The crosslinking agents having first and second functional groups are heterobifunctional crosslinking agents having different reactive groups at each end. Reactive groups include amino reactive functionalities such as n-hydroxysuccinimide active esters, imidoesters and nitroaryl halides or thiol-reactive functions such as pyridyl disulfides, maleimides, and active haloqens. Four heterobifunctional agents found particularly useful to couple antibodies to a thiol terminal silane film are listed below with each having a succinimide group on one end to bind the protein, but with a variable other end;
N-qamma-maleimidobutyryloxy succinimide ester (GMBS) has a maleimide terminal group.
N succinimidyl 3 (2-pyridyldithio) propionate (SPDP) has a protected thiol
N succinimidyl (4 iodoacetyl) amino benzoate (SIAB) has an active halogen,
succinimidyl 4-(p-maleimidophenyl) butyrate
(SMPB) has maleimide adjacent to a phenyl ring.
The active agents such as functional organic materials to be immobilized can be a wide variety of biological materials including proteins, such as antibodies, antigens, enzymes, nucleic acid probes, lectins, receptors, chelators, ionophores, lipids, channel forming proteins, mammalian, plant and other biological cells. Materials including those often used for immunoassay such as antigens and antibodies, enzymes, receptors, haptens, hormones and the like can be used. Nucleic acid probes and other DNA portions can be bound.
A desired activity of the active agent used is maintained after immobilization on the surface. For example, receptors retain ability to bind ligands, antibodies maintain ability to bind antigen and vice versa, enzymes maintain ability to carry out catalytic action, nucleic acid probes still form duplexes with complimentary nucleic acid strands. Similarly lectins bind appropriate substrates, ionophores maintain ability to bind appropriate ions. Lipids can be bound without loosing ability to form films or other microstructures on the surface and channel forminq proteins can be bound without loosing ability to open closed channels.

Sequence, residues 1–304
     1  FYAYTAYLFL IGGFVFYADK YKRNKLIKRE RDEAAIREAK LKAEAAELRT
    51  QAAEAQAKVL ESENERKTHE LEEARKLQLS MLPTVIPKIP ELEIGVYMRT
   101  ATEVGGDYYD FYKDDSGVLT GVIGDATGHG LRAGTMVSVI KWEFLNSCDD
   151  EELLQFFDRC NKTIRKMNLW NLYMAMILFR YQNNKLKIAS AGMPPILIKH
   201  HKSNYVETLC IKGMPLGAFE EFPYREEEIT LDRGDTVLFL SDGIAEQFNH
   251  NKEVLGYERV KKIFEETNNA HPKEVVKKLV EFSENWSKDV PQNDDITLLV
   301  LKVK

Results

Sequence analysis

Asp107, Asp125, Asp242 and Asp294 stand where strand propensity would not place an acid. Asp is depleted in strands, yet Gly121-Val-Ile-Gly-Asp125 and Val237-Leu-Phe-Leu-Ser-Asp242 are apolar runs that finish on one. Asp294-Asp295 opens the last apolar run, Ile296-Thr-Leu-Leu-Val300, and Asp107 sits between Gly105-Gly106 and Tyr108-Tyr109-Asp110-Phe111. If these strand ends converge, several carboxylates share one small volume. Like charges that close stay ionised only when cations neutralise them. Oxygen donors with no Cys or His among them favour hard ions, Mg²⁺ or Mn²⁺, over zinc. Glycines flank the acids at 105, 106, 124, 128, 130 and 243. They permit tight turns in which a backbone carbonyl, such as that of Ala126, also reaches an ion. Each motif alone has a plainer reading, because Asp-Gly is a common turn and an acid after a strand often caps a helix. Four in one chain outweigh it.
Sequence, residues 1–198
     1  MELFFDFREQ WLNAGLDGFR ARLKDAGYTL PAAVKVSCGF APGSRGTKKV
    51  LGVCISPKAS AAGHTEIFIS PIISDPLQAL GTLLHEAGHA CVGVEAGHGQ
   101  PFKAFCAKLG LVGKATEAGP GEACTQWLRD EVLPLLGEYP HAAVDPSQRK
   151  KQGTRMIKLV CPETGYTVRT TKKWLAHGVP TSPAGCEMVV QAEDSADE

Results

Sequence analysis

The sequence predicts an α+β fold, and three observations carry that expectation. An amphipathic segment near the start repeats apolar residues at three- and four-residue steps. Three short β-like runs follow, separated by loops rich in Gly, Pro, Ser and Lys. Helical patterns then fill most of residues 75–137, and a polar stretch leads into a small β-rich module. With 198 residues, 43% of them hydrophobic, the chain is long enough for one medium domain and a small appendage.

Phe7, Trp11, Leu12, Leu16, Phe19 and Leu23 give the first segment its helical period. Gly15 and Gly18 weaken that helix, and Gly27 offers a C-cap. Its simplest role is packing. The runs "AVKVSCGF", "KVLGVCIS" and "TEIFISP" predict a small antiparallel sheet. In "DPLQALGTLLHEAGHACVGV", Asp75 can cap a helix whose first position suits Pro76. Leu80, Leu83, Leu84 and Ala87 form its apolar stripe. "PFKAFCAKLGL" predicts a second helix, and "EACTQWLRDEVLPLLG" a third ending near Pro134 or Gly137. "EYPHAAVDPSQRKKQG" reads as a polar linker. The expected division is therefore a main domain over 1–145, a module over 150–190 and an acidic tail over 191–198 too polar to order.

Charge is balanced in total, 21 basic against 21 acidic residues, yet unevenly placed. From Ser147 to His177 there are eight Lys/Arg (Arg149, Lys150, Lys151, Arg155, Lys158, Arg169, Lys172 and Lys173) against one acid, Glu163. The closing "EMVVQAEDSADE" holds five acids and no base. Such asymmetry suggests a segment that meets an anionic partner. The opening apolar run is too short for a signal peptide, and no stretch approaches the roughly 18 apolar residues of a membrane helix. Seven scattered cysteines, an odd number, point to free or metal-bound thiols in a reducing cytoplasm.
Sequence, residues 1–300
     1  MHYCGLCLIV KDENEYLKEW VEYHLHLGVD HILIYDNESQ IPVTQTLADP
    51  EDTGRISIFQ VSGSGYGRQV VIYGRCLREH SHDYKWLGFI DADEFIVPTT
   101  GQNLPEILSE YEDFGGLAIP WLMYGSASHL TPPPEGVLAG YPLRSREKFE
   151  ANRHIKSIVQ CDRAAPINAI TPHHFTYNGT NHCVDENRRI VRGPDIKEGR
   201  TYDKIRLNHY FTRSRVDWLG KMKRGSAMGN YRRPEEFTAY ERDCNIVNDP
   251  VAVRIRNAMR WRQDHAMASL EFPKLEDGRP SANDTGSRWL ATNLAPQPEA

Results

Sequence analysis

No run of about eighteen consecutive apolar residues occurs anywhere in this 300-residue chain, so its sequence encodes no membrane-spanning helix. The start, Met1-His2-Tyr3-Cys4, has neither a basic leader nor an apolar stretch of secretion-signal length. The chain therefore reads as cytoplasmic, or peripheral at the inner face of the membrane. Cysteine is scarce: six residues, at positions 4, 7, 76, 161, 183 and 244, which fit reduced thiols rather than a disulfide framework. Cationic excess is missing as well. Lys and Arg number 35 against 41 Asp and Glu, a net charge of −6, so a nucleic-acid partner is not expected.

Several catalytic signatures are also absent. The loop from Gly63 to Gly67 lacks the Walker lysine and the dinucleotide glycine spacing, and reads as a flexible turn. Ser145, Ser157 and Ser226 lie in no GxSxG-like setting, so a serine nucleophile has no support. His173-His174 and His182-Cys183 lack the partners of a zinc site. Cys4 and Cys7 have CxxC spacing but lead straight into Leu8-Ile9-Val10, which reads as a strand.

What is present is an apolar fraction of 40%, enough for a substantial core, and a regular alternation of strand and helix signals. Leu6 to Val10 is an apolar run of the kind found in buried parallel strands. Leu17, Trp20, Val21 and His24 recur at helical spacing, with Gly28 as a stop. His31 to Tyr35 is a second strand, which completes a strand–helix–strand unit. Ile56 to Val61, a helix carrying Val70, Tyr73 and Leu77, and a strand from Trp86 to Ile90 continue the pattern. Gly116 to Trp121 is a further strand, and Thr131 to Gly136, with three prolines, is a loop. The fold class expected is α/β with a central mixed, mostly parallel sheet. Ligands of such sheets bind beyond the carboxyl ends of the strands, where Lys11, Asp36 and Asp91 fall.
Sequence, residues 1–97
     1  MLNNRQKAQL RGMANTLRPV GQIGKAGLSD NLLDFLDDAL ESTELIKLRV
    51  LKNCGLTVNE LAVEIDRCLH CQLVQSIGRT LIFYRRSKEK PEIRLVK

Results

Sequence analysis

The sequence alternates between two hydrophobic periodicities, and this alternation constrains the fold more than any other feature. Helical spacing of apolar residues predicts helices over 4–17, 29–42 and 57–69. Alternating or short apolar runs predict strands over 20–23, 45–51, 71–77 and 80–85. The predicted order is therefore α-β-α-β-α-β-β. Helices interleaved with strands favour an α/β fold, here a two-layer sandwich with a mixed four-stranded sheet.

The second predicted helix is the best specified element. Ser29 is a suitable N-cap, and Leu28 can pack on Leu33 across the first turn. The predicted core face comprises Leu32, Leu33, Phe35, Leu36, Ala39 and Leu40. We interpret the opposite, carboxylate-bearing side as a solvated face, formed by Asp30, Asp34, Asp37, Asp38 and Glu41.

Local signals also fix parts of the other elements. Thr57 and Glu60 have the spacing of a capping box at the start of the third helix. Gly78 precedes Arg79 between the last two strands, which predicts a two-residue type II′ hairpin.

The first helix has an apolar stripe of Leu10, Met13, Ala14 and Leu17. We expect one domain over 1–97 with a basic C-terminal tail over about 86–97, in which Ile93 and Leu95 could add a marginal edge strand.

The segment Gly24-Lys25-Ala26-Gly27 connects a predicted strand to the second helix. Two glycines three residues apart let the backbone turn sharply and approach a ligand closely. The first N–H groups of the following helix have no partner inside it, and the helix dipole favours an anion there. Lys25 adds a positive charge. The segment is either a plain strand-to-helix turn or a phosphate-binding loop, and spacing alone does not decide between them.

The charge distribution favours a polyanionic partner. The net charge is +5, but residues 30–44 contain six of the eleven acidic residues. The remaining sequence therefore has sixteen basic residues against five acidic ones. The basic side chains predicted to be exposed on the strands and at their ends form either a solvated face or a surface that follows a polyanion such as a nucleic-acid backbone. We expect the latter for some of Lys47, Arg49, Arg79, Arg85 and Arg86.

Blocking agents may be used to maintain specific bindings as required. Blocking agents include detergents such as Triton X 100 and Tween. Other blocking agents including BSA, ovalbumin, glucose, other sugars, polyethylene glycol, dextran, lysozyme, and poly L-lysine may also be used in some embodiments.
After attachment of the protein further blocking agents can be used in further procedures to assure interaction of the protein with a desired material.
The process and products of this invention can be used in many areas of the art. For example, immummunoassay with immobilized antigen or antibody is well known in the art. Similarly coatings for waveguides and optical fibers with antigens or antibodies can be formed.
In one use where bound protein is antibody, antigen can be radiolabeled with 125 I or fluorescent dye and passed over an immobilized antibody in accordance with this invention to determine the amount of bound antigen in accordance with known procedures.
The specific conditions for each of the reactions of the present invention, to obtain covalent bonding at the substrate between the silane and the substrate, between the crosslinker and the silane film, and between the protein and the crosslinker can vary greatly depending upon the specific materials used. In all cases, the reaction between the crosslinker and the protein is non-destructive to the silane film. The crosslinker has high affinity for the proteins or other active agents where desired the active agents can be deposited at high densities, which densities can vary greatly depending on the specific materials used.